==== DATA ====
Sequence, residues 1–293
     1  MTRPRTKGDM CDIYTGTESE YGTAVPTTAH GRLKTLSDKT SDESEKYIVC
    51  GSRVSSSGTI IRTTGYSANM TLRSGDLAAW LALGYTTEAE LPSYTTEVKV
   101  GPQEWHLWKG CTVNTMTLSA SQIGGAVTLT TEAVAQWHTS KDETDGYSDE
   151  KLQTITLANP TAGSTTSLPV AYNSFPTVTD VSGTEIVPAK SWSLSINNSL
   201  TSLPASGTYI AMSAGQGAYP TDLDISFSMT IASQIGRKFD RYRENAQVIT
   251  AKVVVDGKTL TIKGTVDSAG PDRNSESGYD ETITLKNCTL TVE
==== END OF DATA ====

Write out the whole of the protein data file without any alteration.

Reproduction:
Sequence, residues 1–293
     1  MTRPRTKGDM CDIYTGTESE YGTAVPTTAH GRLKTLSDKT SDESEKYIVC
    51  GSRVSSSGTI IRTTGYSANM TLRSGDLAAW LALGYTTEAE LPSYTTEVKV
   101  GPQEWHLWKG CTVNTMTLSA SQIGGAVTLT TEAVAQWHTS KDETDGYSDE
   151  KLQTITLANP TAGSTTSLPV AYNSFPTVTD VSGTEIVPAK SWSLSINNSL
   201  TSLPASGTYI AMSAGQGAYP TDLDISFSMT IASQIGRKFD RYRENAQVIT
   251  AKVVVDGKTL TIKGTVDSAG PDRNSESGYD ETITLKNCTL TVE